Update (6:05 p.m. EDT): After the BBC's reassurance that it "carried out detailed investigations" into the background of trader Alessio Rastani, The Telegraph reported on Tuesday evening that it had also looked into Rastani's background and found he wasn't much of a trader. "He is a business owner, a 99pc shareholder in public speaking venture Santoro Projects. Its most recent accounts show cash in the bank of £985. After four years trading net assets are £10,048 -- in the red," wrote reporter Jonathan Russell. "How a man who has never been authorised by the Financial Services Authority and has no discernible history working for a City institution ended up being interviewed by the BBC remains a mystery." So while he's technically a trader, in that he trades stocks and currency on the open market, he's not exactly the expert insider speaking truth to power that many lauded him as on Tuesday. As Rastani told Russell, "I'm an attention seeker."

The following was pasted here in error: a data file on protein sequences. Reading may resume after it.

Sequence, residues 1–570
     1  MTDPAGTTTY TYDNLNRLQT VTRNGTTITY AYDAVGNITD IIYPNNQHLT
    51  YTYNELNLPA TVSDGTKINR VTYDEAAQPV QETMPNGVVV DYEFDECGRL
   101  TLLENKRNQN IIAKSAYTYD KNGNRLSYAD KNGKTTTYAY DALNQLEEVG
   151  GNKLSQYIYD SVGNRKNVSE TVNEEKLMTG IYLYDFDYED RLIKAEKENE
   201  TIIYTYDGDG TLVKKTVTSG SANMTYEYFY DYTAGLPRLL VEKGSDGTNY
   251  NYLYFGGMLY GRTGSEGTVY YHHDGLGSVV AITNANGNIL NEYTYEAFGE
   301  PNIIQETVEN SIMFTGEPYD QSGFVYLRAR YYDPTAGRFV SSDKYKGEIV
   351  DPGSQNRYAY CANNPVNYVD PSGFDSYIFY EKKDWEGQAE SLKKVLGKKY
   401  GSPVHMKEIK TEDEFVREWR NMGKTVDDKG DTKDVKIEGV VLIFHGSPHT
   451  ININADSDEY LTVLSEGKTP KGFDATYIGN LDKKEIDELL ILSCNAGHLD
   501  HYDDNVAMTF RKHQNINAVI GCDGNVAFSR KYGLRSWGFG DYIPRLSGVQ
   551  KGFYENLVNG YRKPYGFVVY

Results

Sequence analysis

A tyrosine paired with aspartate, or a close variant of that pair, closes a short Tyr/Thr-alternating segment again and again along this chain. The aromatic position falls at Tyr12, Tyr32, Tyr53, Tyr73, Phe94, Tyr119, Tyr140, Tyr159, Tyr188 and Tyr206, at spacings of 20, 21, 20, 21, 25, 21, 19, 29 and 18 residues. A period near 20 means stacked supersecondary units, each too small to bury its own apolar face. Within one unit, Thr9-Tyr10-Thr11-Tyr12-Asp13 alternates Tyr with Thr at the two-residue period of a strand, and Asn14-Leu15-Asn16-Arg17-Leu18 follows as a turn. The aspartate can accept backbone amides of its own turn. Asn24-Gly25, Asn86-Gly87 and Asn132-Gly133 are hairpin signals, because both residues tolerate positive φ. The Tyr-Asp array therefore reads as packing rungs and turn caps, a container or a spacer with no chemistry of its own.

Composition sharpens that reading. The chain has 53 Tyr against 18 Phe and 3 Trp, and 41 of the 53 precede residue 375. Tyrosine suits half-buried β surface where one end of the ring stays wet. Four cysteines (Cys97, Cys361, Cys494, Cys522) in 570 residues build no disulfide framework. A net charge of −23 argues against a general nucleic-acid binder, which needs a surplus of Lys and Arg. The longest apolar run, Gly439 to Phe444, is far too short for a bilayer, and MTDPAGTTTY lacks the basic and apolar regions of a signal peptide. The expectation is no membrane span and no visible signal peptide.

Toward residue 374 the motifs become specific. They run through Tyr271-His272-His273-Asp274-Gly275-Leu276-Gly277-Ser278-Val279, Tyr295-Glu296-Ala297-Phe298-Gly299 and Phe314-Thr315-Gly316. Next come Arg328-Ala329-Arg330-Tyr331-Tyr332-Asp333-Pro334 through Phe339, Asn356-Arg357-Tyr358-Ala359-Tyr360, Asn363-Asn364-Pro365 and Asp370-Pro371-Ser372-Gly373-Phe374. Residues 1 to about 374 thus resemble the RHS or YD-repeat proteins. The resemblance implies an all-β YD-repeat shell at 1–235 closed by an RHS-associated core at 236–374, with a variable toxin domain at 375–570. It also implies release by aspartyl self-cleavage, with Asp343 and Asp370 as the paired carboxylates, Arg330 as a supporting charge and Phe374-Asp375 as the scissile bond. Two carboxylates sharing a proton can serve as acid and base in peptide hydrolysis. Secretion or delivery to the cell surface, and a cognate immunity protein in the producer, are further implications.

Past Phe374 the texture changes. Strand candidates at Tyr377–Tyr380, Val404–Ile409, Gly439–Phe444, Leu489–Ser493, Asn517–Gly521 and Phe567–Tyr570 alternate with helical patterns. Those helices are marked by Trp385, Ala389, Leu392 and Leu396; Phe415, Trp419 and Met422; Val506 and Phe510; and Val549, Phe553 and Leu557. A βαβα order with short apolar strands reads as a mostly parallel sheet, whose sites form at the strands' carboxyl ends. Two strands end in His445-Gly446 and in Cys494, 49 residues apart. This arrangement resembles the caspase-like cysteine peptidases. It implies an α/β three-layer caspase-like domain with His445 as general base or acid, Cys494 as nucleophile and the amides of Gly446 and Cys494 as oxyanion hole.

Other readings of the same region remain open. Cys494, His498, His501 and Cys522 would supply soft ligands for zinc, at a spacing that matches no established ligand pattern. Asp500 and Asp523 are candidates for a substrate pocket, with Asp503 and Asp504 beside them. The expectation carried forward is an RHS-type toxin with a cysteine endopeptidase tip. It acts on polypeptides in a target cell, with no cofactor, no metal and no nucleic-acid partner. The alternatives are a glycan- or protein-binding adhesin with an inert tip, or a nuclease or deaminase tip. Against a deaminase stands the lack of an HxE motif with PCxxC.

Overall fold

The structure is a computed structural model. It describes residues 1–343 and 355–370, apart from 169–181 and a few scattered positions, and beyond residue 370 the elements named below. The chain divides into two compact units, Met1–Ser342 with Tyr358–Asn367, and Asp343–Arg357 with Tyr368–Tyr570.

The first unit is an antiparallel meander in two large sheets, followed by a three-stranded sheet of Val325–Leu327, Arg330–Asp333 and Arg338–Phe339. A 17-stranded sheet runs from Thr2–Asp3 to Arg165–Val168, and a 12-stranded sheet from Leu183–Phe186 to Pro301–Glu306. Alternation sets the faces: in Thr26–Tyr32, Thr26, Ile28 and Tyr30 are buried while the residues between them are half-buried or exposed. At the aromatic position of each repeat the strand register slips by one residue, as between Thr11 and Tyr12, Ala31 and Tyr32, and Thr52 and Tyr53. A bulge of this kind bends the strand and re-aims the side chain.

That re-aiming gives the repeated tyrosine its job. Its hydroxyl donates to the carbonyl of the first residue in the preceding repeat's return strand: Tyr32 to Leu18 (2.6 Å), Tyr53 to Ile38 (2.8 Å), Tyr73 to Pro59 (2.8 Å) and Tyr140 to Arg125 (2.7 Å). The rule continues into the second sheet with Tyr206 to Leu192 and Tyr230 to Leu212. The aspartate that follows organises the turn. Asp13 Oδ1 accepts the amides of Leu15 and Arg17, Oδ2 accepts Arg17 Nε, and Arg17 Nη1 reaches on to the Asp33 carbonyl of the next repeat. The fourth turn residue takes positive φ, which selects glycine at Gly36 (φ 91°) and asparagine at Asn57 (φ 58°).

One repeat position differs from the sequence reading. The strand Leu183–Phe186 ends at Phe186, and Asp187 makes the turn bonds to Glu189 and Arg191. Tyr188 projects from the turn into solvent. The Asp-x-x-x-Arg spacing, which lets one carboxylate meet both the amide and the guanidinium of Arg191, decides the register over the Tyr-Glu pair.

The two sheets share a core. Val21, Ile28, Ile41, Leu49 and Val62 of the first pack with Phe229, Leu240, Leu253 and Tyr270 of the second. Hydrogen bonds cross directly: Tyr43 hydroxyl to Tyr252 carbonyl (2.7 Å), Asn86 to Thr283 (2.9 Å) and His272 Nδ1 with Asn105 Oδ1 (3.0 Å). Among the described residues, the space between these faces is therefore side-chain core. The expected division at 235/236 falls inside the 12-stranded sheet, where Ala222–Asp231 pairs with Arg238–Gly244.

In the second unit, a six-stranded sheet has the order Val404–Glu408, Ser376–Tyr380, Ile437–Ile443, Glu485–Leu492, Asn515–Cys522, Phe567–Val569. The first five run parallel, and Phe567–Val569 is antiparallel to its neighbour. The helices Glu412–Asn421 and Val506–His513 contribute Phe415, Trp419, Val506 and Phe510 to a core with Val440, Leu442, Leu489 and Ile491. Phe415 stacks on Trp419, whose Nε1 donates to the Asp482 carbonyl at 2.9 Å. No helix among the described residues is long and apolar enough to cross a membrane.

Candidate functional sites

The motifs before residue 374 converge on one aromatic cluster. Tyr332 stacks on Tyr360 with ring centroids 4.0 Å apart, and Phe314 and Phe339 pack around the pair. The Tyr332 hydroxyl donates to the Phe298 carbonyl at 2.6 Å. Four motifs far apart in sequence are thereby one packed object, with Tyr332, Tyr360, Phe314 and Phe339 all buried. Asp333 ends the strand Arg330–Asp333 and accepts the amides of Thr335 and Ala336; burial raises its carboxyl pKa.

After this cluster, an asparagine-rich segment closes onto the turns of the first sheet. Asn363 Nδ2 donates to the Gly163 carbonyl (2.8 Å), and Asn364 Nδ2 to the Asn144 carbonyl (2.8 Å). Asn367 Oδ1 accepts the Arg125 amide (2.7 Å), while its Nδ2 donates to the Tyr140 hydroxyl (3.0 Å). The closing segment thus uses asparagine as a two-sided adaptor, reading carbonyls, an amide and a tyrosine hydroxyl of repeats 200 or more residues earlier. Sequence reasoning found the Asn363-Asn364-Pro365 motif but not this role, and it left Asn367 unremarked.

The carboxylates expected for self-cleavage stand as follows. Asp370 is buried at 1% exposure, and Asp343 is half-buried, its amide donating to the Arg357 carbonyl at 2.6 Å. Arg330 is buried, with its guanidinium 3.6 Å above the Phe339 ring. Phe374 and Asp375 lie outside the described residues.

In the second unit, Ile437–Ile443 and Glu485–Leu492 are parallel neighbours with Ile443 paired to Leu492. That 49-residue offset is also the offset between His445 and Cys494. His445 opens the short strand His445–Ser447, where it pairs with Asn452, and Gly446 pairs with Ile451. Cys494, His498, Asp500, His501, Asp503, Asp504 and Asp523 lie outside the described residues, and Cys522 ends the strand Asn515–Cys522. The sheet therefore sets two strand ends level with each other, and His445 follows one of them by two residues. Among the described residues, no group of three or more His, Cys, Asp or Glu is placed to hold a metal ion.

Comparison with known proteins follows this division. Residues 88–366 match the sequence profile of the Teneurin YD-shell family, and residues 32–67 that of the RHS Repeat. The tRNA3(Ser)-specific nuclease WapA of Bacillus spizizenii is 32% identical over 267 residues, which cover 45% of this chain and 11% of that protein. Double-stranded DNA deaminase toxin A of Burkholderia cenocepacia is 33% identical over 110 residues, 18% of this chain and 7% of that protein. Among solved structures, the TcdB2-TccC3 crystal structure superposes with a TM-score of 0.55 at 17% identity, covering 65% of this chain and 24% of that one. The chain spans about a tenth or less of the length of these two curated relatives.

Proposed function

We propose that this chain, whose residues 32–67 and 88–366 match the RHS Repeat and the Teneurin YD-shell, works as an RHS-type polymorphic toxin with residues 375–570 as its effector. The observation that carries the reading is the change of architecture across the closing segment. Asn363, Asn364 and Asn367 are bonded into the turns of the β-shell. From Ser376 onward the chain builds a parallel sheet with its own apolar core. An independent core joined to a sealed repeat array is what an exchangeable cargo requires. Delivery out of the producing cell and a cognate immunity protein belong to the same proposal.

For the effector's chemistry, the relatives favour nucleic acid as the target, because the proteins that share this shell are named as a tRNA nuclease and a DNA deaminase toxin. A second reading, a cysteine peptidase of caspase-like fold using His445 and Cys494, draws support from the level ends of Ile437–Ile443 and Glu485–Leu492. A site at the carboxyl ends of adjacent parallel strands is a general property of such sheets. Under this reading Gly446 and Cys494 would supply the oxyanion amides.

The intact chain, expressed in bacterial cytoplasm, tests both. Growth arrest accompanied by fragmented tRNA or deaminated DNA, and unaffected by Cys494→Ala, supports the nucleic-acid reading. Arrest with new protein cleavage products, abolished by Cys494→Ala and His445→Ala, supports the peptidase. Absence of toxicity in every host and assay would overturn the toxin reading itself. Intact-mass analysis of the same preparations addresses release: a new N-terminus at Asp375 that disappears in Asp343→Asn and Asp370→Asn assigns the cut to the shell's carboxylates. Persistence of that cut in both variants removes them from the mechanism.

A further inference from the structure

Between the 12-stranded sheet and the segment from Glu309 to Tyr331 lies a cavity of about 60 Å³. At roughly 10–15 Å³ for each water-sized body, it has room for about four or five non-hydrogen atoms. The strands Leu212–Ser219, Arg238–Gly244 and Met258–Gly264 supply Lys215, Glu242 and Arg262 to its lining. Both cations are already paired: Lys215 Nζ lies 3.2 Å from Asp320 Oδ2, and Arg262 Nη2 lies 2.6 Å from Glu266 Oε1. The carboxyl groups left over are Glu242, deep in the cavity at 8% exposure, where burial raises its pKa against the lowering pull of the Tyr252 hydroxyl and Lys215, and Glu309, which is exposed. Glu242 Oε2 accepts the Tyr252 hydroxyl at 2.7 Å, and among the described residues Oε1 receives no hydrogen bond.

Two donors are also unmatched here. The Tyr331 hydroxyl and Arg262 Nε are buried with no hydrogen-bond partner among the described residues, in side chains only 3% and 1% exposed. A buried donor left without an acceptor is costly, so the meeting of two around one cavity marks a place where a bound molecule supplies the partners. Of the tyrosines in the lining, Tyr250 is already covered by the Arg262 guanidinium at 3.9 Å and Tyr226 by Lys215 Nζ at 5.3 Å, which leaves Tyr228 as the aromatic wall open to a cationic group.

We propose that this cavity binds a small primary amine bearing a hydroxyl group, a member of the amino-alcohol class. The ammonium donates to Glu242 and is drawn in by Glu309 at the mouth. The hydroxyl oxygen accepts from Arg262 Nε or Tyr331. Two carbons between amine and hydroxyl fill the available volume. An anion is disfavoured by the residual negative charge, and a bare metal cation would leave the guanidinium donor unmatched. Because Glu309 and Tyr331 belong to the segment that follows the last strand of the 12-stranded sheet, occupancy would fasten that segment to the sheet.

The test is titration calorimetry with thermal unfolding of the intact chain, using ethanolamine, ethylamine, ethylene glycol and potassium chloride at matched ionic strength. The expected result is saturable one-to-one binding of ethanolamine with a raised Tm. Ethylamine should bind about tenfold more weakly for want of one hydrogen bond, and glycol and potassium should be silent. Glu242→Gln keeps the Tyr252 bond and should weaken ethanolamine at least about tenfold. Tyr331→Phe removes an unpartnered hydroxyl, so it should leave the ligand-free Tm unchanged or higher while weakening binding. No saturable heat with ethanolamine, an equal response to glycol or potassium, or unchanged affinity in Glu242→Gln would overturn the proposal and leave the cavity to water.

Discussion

Original: On Monday, a London-based independent stock and foreign exchange trader shocked the BBC and all those watching when he said he "dreams of another recession" because he knows how to make money when the markets plummet. The trader, Alessio Rastani, predicted savings accounts wiped out in Europe and the United States and said he didn't think EU bailout measures would work. "Governments don't run the world," he said. "Goldman Sachs rules the world." If you think that sounds like something straight out of the Yes Men pranksters, you're not alone. But on Tuesday Morning he told Forbes he was the real deal, and later on Tuesday both BBC and the Yes Men confirmed he was legitimate. God help us all.